The so-called “30 by 30 plan” has drawn outsized attention because of the impact some conservation parks have had on Indigenous communities like the Maasai. Many of those parks are modeled after America’s “Yellowstone” national park. But Yellowstone, and many of its offspring, have long, dark histories of human rights abuses, displacement and social conflict.
Among the most high-profile reports documenting these abuses was a 2019 Buzzfeed investigation containing allegations that the conservation giant World Wildlife Fund financed and supported park guards who allegedly assaulted, raped, tortured and killed people at parks in Asia and Africa during anti-poaching missions. Such incidents have led human rights experts to speak out about how the conservation industry and policy makers are failing Indigenous and local communities.
“Respecting human rights is the only way to make conservation really work,” said John Knox, former U.N. special rapporteur on human rights and the environment. “The world can’t solve this crisis without protecting the people who have lived in these areas for centuries and who are on the front lines of conservation.”
Often promoted as America’s best idea, national parks like Yellowstone, founded in 1872 by then President Ulysses S. Grant, are at the heart of the 30 by 30 controversy.
The idea for the park was sold to the American public as a move to preserve pristine wilderness. In reality, Native Americans lived on the land and had done so for thousands of years before being pushed out by the U.S. government to create the park.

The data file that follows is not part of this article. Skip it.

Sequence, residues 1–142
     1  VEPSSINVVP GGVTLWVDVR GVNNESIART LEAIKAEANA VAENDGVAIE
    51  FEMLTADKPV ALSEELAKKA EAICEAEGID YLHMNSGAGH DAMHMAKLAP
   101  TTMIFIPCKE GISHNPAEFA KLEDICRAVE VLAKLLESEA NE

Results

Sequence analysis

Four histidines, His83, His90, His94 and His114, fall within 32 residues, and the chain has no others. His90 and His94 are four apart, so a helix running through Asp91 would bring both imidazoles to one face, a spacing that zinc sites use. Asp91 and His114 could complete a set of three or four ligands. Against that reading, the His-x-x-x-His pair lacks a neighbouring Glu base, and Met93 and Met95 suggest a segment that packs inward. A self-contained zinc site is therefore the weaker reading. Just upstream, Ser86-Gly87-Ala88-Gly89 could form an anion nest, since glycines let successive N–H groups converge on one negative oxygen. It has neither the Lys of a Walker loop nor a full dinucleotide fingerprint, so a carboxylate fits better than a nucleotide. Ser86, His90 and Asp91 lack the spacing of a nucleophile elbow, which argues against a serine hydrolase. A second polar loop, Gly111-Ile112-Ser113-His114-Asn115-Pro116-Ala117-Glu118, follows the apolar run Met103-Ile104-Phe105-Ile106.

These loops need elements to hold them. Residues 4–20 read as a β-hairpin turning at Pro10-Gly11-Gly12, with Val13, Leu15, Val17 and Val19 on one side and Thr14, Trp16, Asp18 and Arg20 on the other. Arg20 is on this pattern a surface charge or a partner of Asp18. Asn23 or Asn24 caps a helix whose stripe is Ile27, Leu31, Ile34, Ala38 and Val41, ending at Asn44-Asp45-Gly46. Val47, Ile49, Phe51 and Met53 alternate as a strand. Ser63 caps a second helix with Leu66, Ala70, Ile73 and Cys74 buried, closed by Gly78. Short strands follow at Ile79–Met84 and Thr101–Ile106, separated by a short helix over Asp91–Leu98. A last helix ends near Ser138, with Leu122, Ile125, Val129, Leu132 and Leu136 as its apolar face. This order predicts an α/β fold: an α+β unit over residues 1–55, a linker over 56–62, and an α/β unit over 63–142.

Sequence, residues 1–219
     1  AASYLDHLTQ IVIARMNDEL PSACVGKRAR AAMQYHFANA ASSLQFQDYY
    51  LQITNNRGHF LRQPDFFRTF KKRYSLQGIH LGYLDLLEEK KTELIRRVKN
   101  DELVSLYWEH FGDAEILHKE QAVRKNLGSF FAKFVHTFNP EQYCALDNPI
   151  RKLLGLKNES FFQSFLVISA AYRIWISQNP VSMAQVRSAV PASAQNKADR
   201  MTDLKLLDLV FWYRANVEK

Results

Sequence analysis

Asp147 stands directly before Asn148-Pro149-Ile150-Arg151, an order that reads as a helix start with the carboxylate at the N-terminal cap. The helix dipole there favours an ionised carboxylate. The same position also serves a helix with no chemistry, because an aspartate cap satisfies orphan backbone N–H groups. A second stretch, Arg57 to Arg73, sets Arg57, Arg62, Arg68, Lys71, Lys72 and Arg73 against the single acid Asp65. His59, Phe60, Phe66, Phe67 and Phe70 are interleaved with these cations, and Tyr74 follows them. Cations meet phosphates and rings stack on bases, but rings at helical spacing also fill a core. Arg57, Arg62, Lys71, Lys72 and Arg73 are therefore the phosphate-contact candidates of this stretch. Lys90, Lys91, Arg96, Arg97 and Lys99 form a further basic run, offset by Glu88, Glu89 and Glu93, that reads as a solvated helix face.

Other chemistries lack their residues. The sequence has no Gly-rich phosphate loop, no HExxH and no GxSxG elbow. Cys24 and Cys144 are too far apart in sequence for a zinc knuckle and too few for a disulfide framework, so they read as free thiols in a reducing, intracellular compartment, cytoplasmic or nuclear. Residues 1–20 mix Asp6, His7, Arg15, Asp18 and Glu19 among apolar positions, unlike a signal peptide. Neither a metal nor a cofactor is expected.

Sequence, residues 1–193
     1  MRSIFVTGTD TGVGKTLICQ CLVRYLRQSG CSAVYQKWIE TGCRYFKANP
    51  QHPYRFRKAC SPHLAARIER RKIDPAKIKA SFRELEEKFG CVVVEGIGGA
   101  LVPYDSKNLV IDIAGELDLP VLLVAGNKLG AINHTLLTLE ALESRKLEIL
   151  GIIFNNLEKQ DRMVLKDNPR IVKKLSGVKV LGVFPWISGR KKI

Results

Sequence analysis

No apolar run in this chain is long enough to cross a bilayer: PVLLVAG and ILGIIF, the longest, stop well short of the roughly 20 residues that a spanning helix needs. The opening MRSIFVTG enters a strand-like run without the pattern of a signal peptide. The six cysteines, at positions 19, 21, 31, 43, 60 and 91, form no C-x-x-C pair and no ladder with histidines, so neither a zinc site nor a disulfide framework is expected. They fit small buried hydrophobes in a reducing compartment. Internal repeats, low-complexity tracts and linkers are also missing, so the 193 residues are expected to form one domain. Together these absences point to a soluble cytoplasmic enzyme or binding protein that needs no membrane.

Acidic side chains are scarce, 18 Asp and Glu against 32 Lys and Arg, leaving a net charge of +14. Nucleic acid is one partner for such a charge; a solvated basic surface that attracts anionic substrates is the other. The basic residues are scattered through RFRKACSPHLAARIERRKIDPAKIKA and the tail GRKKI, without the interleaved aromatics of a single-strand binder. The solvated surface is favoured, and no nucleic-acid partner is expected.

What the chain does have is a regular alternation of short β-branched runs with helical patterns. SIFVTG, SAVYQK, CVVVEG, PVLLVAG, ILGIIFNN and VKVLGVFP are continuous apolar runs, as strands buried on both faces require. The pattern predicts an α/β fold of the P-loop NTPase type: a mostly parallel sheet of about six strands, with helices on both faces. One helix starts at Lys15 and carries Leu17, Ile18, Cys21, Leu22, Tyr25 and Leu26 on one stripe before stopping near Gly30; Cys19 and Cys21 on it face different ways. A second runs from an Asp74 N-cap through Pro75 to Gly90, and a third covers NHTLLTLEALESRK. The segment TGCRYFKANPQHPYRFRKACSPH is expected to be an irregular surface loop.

The idea of cordoning off pristine wilderness areas as parks, sometimes called “fortress conservation,” is premised on the belief that local inhabitants must be removed from woodlands and other areas in order to protect ecosystems. Once Indigenous and other local inhabitants are removed, sometimes by force, the parks’ boundaries are enforced, using guards who in some cases carry arms. And while Indigenous and local inhabitants are removed, tourists can pay to visit the parks, in most cases.
Yellowstone’s creation perpetuated the idea that humans exist separately from nature, as opposed to many Indigenous worldviews that see humans as inextricably linked to the natural world.
Beyond the displacement that such wilderness preserves have caused, reports from around the world—India, Peru, the Congo, Nepal, Kenya and elsewhere—have documented other serious human rights abuses connected to the parks.
In 2015, according to a 2020 Department of Interior memorandum, four women in Salonga National Park in the Democratic Republic of the Congo “were beaten with a baton, lashed on their backs and legs, and raped by the eco-guards—two of the women were pregnant, and were still raped, even though a woman ‘begged them to spare her,’” the memorandum said. The eco-guards were on an anti-poaching patrol at the time and the women had been fishing.